Those who have never been in an abusive relationship struggle to understand how people remain in one for so long. If somebody was mistreating you, “why did you stick around?” they ask.
For survivors, this can be a really tough question to answer. The lucky ones escape, and stumble upon articles or books that give them the terms to be able to understand what happened to them, and thus describe their experience. Other times, though, this doesn’t happen, and people might not even be aware they were in a relationship that could be classed as “abusive.”
This is because we are conditioned to believe abuse is always physical. On TV and in films, we see characters who are obviously evil. They are violent to their partners, shout at them aggressively, or even murder them in a fit of rage. While this does happen, it’s not a true representation of the abuse many others experience.
According to therapist Shannon Thomas, author of “Healing from Hidden Abuse,” psychological abuse is insidious, and it occurs a over time like an IV drip of poison entering your veins.
It starts with an off-hand comment here, or an insult there, but often victims brush these moments off. This is because abusive people are great at pretending to be everything you’re looking for in a partner, and they love bomb you with affection. Victims tend to believe this is the abuser’s real self, and when the mask starts to slip more and more, they believe its “out of character” and it must be their own fault for making their partner angry.
People stay in these relationships partly because they are trying to win back the abuser’s affection. However, Thomas told Business Insider that victims also become biologically attached to their abusers through something called “trauma bonding.”
It’s like an addictive drug.
It’s a bit like becoming addicted to a drug. A psychologically abusive relationship is a rollercoaster, with punishment and then intermittent reinforcement of kindness when you “behave.” This means the body is going through its own turmoil, with high levels of the stress hormone cortisol, paired with dopamine when given affection as a reward.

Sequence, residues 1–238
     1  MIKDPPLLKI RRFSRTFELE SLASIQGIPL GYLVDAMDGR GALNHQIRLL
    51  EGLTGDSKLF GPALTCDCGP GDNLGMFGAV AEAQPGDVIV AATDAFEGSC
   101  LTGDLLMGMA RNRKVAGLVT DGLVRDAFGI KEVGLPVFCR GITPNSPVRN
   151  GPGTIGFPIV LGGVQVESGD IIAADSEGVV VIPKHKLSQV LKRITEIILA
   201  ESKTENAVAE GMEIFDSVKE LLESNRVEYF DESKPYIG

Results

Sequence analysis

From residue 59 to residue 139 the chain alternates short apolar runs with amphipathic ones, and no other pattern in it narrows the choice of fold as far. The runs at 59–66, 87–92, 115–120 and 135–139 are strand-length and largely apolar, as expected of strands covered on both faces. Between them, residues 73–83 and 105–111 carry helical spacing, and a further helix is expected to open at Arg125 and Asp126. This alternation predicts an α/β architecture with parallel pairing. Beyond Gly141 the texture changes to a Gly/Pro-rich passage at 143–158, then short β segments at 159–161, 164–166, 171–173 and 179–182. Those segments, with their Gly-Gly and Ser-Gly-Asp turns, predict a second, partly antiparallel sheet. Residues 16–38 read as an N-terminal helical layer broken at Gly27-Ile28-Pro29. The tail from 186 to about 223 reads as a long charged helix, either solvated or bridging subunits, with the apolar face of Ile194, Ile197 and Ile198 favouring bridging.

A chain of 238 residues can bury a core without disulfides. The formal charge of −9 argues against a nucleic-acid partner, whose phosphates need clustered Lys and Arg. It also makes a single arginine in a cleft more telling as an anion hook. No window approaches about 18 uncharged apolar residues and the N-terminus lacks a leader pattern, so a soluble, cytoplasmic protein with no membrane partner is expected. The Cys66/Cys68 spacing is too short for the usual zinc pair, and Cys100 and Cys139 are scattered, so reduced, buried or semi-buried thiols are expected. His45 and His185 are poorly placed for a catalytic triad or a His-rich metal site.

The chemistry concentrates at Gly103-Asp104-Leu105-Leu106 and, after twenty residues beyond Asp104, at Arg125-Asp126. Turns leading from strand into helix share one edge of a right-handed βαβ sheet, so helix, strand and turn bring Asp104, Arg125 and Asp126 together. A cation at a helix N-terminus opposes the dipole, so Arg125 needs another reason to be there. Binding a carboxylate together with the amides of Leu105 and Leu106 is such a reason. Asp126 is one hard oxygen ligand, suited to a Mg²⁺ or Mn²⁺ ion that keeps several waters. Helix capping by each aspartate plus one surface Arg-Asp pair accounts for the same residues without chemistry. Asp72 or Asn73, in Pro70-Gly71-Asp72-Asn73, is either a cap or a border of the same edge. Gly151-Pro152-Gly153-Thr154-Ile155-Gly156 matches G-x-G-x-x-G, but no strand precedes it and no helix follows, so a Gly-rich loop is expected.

“You have this back and forth, and the body becomes addicted,” Thomas said. “When we’re looking for something that we want, that we once had, which is a connection with somebody, and they are playing cat and mouse where they are pulling it back and forth, then the body really does become dependent on having that approval.”
This hormonal rollercoaster really takes its toll on someone’s body. Victims might find they break out in acne, even though they’ve always had good skin. They might have chest pains. Thomas has said that in her practise she has even seen her clients develop autoimmune disorders.
“Their bodies start to shut down, and they start really struggling with chronic pain, migraines, and some arthritic type pains and conditions, and they just can’t fight infections as well,” she said. “The body really can only take so much stress.”
Victims stay in these relationships despite of the stress on their bodies, because often it isn’t clear to them what the problems really are. Through gaslighting, control, and intermittent love, the abuser has their partner backed into a corner of self-blame and desperation of trying to win back the affection of the person they love.
Unfortunately, for many people, when they try to leave these relationships they are so bonded to their abuser that they return. Others don’t try to leave at all, and are only freed from the clutches of the abuse when they are discarded.
An abusive relationship with a narcissist or psychopath tends to follow the same pattern: idealisation, devaluation, and discarding. At some point, the victim will be so broken, the abuser will no longer get any benefit from using them. They may have totally bankrupted them, or destroyed their confidence, or worse, and they move on to their next target.
However, once they are gone, the victim — or survivor as Thomas calls them at this point — can finally start coming round to the idea they were abused. They can grieve, and finally see the damage that was being done, and realise it wasn’t their fault.
That’s when the healing can really begin, Thomas says, and the survivor can realise that they were targeted not because they were weak, but because they had so much to give.
These are the signs you might be in a trauma bond with someone,
- A constant pattern of nonperformance — your partner promises you things, but keeps behaving to the contrary.
- Others are disturbed by something that is said or done to you in your relationship, but you brush it off.
- You feel stuck in the relationship because you see no way out.
- You keep having the same fights with your partner that go round in circles with no real winner.
- You’re punished or given the silent treatment by your partner when you say or do something “wrong.”
- You feel unable to detach from your relationship even though you don’t truly trust or even like the person you’re in it with.
- When you try and leave, you are plagued by such longing to get back with your partner you feel it might destroy you.